A polymer of fosfestrol, polydiethylstilbestrol phosphate, was developed as a long-acting estrogen for potential use in veterinary medicine, but was never marketed.[16][17][18][19][20][21]


Fosfestrol was first patented in 1941 and was mentioned in the literature by Huggins.[6][22] Conjugated estrogens and diethylstilbestrol sulfate, which are water-soluble estrogens, were first reported to be effective in the treatment of prostate cancer via intravenous administration in 1952.[23][22] Starting in October 1952, Flocks and colleagues studied intravenous fosfestrol in the treatment of prostate cancer, publishing their findings in 1955.[22] Fosfestrol was first introduced for medical use in 1955 under the brand names Stilphostrol and ST 52 in the United States and France, respectively.[6]

Society and culture[edit]

Generic names[edit]

Fosfestrol is the generic name of the drug and its INN, BAN, and JAN, while diethylstilbestrol diphosphate is its USAN and fosfestrolo is its DCIT.[15][7][8][3] It is also known as stilbestrol diphosphate.[15][7][8] Fosfestrol sodium is its INNM and BANM.[15][7][8][3]

Brand names[edit]

Brand names of fosfestrol include Cytonal, Difostilben, Honovan, Honvan, Honvol, Honvon, Fosfostilben, Fostrolin, ST 52, Stilbetin, Stilbol, Stilbostatin, Stilphostrol, and Vagestrol, among others.[15][7][8][6]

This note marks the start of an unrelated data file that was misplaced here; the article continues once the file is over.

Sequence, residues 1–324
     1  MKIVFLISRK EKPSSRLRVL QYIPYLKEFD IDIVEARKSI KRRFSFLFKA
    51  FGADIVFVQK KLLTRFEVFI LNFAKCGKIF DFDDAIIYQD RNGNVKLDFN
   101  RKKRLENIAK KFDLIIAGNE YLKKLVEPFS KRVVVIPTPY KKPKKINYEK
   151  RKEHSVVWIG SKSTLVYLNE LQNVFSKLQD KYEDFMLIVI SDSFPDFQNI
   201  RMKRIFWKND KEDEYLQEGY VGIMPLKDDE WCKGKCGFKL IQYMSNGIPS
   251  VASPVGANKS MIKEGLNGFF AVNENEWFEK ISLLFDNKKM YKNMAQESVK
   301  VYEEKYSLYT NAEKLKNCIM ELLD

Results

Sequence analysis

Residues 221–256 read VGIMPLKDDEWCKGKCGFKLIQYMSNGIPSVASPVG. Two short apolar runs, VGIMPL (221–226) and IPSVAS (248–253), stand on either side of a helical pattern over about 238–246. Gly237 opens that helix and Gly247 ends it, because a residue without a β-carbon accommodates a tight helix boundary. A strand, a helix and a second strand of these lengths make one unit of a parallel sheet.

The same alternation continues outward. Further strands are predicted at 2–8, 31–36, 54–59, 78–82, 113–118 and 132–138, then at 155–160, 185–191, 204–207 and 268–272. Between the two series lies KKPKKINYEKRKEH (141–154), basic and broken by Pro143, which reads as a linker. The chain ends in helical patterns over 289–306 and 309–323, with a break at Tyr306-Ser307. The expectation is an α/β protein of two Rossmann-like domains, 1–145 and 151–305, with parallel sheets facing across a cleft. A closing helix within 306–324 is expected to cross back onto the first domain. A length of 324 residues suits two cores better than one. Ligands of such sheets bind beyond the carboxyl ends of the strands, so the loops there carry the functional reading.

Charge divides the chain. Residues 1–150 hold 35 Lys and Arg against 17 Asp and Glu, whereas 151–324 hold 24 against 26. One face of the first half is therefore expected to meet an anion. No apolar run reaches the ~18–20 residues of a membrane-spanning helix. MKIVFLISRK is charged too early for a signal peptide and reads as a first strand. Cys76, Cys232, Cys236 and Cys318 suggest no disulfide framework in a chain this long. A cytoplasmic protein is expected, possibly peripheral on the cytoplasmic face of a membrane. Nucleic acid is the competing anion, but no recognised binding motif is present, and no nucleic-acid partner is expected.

Fosfestrol has been marketed widely throughout the world, including in the United States, Canada, Europe, Asia, Latin America, and South Africa, among other areas of the world.[7][8][3][6] However, today, it appears to remain available only in a few countries, including Bangladesh, Egypt, India, Oman, and Tunisia.[8][3]

See also[edit]


  1. ^ a b c d e f g h i j k Droz JP, Kattan J, Bonnay M, Chraibi Y, Bekradda M, Culine S (February 1993). "High-dose continuous-infusion fosfestrol in hormone-resistant prostate cancer". Cancer. 71 (3 Suppl): 1123–30. doi:10.1002/1097-0142(19930201)71:3+<1123::AID-CNCR2820711434>3.0.CO;2-T. PMID 8428334.
  2. ^ a b c d e f g h i j k l m n o p q Franz v. Bruchhausen; Gerd Dannhardt; Siegfried Ebel; August W. Frahm, Eberhard Hackenthal, Ulrike Holzgrabe (2 July 2013). Hagers Handbuch der Pharmazeutischen Praxis: Band 8: Stoffe E-O. Springer-Verlag. pp. 301–. ISBN 978-3-642-57994-3.CS1 maint: multiple names: authors list (link)
  3. ^ a b c d e f g h i j k l m n o p q Sweetman, Sean C., ed. (2009). "Sex hormones and their modulators". Martindale: The Complete Drug Reference (36th ed.). London: Pharmaceutical Press. p. 2104–2105. ISBN 978-0-85369-840-1.
  4. ^ a b Oettel, M (1999). "Estrogens and Antiestrogens in the Male". In Michael Oettel; Ekkehard Schillinger (eds.). Estrogens and Antiestrogens II: Pharmacology and Clinical Application of Estrogens and Antiestrogen. Handbook of Experimental Pharmacology. 135 / 2. Springer Science & Business Media. pp. 505–571. doi:10.1007/978-3-642-60107-1_25. ISBN 978-3-642-60107-1. ISSN 0171-2004.